So, I get my daily email from National Journal giving me the low down on the goings on around Washington and I see this:
Now, when you go to the article the title is not quite that provactive but the point is still the same.
The Senate Judiciary Committee’s vote Thursday approving an assault-weapons ban was a sham—if you think the purpose was to ban assault weapons. If you think the committee’s vote offered an opportunity for lawmakers to parse and deliberate complicated and unresolved questions about the Constitution, guns, and violence, then it was a highly productive 90 minutes.
You can’t read an article about Feinstein’s bill without reading that it is doomed to failure. If I was a tin foil hat type of guy, I would swear the fix is in to lull gun owners to sleep then surprise the crap out of them when a ban passes.
But National Journal does have a point that we got to see what a sham the proposed ban really is. Take amendments sponsored by Texas Senator John Cornyn:
Sen. John Cornyn, R-Texas, made a point of highlighting the “absurdity” of Feinstein’s bill by offering several amendments carving out exceptions—for rural residents, residents near the U.S.-Mexico border, women victims of domestic violence, and recipients of protection orders. Even if any of Cornyn’s amendments had passed (they didn’t), he still would have had no intention of voting for the assault-weapons ban. His theatrics in committee were “designed to show the flawed logic in their bill,” said Cornyn spokeswoman Megan Mitchell. “Why have exemption for retired police officers, but not for veterans? Why not victims of domestic violence, et cetera?”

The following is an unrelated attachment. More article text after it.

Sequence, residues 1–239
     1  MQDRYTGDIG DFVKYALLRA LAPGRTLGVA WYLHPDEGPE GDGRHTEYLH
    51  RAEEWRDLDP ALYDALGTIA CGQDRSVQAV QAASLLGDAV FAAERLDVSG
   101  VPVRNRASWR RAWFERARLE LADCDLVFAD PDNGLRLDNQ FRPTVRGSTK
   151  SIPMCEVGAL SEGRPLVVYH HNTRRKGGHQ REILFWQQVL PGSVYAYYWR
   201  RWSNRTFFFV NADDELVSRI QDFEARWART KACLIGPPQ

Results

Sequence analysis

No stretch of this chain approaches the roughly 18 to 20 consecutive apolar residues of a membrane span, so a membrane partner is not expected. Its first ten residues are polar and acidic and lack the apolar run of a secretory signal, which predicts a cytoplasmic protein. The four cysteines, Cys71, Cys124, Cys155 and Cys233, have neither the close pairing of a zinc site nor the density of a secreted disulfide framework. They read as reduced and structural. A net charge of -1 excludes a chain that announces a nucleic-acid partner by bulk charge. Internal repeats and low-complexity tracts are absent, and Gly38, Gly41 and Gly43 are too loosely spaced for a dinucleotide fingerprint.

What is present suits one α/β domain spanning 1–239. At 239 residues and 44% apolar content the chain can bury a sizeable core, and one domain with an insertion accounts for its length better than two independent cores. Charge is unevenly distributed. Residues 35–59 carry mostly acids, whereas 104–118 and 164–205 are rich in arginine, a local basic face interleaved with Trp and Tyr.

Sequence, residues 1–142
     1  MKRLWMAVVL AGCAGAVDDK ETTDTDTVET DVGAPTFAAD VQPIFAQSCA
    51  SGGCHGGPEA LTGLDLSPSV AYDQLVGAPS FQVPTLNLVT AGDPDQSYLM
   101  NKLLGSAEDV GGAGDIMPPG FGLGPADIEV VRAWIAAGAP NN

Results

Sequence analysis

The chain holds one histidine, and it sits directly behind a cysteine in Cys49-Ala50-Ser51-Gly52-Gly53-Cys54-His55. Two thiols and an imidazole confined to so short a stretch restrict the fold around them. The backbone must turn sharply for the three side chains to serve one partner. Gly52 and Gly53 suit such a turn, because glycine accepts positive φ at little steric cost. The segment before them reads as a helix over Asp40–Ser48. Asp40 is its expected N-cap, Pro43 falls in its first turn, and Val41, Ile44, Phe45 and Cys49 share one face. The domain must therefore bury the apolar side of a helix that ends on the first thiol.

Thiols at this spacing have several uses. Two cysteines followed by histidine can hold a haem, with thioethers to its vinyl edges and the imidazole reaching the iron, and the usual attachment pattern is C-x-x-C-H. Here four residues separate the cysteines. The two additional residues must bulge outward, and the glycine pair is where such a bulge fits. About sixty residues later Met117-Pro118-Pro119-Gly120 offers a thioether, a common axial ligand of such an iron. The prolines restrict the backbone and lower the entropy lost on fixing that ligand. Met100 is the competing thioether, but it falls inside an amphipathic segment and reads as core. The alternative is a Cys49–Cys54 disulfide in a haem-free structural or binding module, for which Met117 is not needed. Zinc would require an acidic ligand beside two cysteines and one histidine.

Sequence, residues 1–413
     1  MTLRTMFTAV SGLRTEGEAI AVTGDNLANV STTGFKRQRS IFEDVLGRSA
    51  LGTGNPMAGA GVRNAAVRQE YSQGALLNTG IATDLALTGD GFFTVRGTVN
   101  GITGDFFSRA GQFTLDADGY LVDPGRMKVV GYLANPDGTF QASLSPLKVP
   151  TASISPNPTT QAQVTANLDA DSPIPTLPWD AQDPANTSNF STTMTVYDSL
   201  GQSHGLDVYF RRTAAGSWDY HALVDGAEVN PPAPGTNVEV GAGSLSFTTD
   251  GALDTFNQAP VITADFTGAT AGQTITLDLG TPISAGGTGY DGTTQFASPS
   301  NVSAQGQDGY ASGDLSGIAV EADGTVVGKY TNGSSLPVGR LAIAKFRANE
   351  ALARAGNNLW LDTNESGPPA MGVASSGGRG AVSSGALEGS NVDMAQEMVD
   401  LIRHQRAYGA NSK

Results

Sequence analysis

And of course there was the great questioning by Texas Senator Ted Cruz that really got under Senator Feinstein’s skin.
So, while I might not call it a sham, the vote was useful to see which of our representatives stand for Liberty and which stand for statism.